Kevin kept a bottle of orange Kool-Aid in his backpack for about four months. He thought it would turn into alcohol.
He drank it during homeroom and threw up.
Kevin didn’t know dogs and cats were different animals.
Here’s how I found out.
We were doing an assignment on personification, and I had people describe their pets using it.
Kevin didn’t have any pets, but he said his neighbor had a cat he played with sometimes.
He listed off like three or four things and it became really apparent that he was describing a dog.
At first, I thought that maybe he just had trouble figuring out the right way to say it, but after two or three more sentences, it was abundantly clear that this was a really big dog.
Someone else who lived on the same street put 2 and 2 together as well and said “Kevin, that’s not a cat. That’s so-and-so’s black lab.”
Kevin was absolutely floored that A. someone else lived on his street and B. that there was a difference between a black lab and a house cat.
Like, I am only guessing, but I think to him, “dog” and “cat” were as interchangeable terms as “hat” and “cap.”
An indecent promposal:
Kevin asked a girl to prom (he was in 9th grade, and freshmen don’t go to prom) by asking for her phone number and then texting her his address.
Next up is a story about Kevin’s parents that shed a bit of light on the whole situation.
Kevin’s dad wrote tuition checks and mailed them to me…his English teacher. This was a public school.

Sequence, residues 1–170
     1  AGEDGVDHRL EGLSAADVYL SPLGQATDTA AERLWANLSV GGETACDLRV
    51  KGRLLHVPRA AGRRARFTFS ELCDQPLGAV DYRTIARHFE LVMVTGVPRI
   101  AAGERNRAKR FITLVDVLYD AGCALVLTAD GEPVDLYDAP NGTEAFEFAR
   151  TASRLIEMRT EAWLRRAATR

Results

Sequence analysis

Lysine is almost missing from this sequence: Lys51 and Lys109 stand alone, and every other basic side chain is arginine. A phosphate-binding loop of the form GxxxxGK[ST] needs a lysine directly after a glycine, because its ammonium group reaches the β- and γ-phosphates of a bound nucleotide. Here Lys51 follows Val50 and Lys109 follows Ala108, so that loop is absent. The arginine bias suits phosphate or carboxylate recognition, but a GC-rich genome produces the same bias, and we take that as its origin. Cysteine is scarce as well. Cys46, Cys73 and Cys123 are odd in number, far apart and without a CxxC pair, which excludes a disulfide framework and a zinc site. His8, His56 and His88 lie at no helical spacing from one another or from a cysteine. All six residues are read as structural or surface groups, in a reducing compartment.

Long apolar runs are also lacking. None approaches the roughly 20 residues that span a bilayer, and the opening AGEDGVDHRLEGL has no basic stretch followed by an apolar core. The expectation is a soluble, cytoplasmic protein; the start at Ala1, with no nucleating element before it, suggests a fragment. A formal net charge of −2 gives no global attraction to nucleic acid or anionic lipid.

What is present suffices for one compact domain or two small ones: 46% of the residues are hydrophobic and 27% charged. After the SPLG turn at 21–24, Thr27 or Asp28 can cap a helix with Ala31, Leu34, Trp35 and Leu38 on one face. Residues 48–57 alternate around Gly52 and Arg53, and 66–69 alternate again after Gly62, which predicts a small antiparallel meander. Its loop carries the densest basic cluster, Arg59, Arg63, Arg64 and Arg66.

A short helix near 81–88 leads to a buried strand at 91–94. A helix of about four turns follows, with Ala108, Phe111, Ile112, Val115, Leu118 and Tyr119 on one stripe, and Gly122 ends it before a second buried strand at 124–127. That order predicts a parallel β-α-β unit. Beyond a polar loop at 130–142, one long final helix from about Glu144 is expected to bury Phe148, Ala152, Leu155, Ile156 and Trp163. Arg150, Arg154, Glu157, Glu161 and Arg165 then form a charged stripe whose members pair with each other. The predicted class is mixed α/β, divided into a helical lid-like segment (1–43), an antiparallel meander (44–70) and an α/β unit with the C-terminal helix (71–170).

When I gave it back to Kevin, voided, to give to his dad with a brief note explaining that this is a public school, Kevin got in trouble for trying to spend it at 7-Eleven after school.
First, run. Then, deny.
Kevin threw his lunch at the School Resource Officer and tried to run away.
He ran into a door and insisted it wasn’t him.
11 bucks? What a baller.
Kevin didn’t understand that his grade was dependent on tests, quizzes, homework, classwork, and participation.
Kevin finished his first semester with a 3-percent average. He tried to bribe me with $11.
Who could have seen that one coming?
Kevin called the basketball coach a “Motherf**king B***h” during gym. Basketball tryouts were that afternoon. Kevin tried out.
It didn’t go well.
Was he trying to prove he had school spirit?
Kevin tased himself in the neck before a football game.
Think you’re done reading about Kevin? Nope! There’s still more.
How is this one even possible?
Kevin’s mom could never remember which school he went to. She missed several meetings because she drove to other schools (none of which he ever went to).
Kevin regularly tried to cheat on assignments by knocking the pile over, grabbing one before I had picked them all up, and then writing his name on it wherever there was room.
Peanuts, amoxicillin…what’s the difference?
Kevin had several allergies, but neither his parents nor he could remember what they were.
They were very concerned that “the holiday party” (it’s high school, we don’t have those) would have peanuts.
When they finally got a doctor’s note, he was allergic to amoxicillin.
Kevin spat on a girl and said: “You should get out of those wet clothes.”
The girl was the Spanish Student Teacher.
Kevin got gum in his hair. Constantly.
On the bright side, the next time you do something stupid, at least you can rest assured that you’re not as bad as this kid Kevin. No one is.